Ernst & Young Releases Annual Real Estate Report

Jan. 23, 2003
Annual Report Reflects the Dramatic Nature of Today’s Real Estate Market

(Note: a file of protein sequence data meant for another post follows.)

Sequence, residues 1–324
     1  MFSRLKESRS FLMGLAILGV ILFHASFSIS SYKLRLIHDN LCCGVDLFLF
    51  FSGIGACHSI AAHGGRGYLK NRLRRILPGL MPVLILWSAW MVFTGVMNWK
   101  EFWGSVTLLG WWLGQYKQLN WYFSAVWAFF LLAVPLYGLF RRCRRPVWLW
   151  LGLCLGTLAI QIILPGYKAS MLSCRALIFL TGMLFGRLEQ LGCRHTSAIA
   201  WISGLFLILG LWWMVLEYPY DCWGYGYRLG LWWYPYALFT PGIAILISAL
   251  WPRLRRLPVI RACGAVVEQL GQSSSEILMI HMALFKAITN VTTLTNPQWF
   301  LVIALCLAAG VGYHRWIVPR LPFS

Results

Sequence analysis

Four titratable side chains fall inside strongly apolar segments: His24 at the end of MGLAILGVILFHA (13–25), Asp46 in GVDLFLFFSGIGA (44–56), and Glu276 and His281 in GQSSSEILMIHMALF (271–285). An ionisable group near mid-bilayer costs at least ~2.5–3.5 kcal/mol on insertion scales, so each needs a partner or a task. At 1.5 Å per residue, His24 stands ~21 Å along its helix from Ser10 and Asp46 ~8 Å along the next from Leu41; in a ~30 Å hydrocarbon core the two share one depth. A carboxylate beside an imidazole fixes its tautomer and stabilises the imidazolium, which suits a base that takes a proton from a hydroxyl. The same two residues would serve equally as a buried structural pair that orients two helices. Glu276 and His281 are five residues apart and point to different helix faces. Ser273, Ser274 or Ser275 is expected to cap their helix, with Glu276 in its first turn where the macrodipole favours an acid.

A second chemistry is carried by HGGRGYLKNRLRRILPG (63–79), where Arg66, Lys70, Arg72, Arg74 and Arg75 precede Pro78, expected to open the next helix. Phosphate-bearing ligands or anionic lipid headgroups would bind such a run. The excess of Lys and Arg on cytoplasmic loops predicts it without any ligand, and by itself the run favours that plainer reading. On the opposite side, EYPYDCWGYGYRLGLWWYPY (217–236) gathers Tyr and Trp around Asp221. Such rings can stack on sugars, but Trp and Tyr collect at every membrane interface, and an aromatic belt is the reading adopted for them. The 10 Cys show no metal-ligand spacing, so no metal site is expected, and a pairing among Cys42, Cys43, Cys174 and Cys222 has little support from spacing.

Containing the collective insight of the 3,500 partners and professionals worldwide comprising Ernst & Young’s Global Real Estate, Hospitality, and Construction Industries Practice, this annual report reflects the dramatic nature of today’s real estate market.One of the main themes running through the Annual State of the Real Estate, Hospitality, and Construction Industries 2003 Report is the rapidly shifting nature of our industry. Where once the real estate industry was dominated by transactions, much of the activity now shaping the industry of the future is going on behind the scenes – in the ways companies are being forced to operate, report their performance to investors, or manage rising costs. In a post Sarbanes-Oxley environment, REITs and opportunity funds (two of the main drivers of growth in the real estate industry in recent years) face the prospect of dramatically increased business expense and, ultimately, lower values. One investment bank recently theorized that asset values in the REIT sector may fall five to nine percent as a result of these behind the scenes pressures and the Bush Administration’s plan to do away with double taxation on corporate dividends. We at Ernst & Young believe that REITs face the daunting potential prospect of a one- to three-cent hit to earnings as a result of Sarbanes-Oxley’s new business requirements and regulations. Taken individually, these items may seem insignificant, but looked at in total, we believe they present significant issues.The renewed emphasis today on business ethics, corporate governance, and transparency is of paramount importance for real estate. These and other business issues raise the prospect of further rule changes, accounting guidelines, reporting regulations, and more.  All potentially carry significant additional costs to real estate businesses and tenants at a time when the vast majority of U.S. businesses are looking to cut costs.For the first time in recent memory – certainly since the tax reforms of 1986 – tax and accounting issues are front-and-center in the minds of the real estate industry. For 2003, the focus will be not simply on the condition of real estate markets, but the condition and management and operation of the companies, public and private, operating in those markets.Dale Anne Reiss is Global & Americas Director of Real Estate, Hospitality & Construction Practices at Ernst & Young ( To read excerpts of Ernst & Young’s Annual State of the Real Estate, Hospitality, and Construction 2003 Report, click on the links above.

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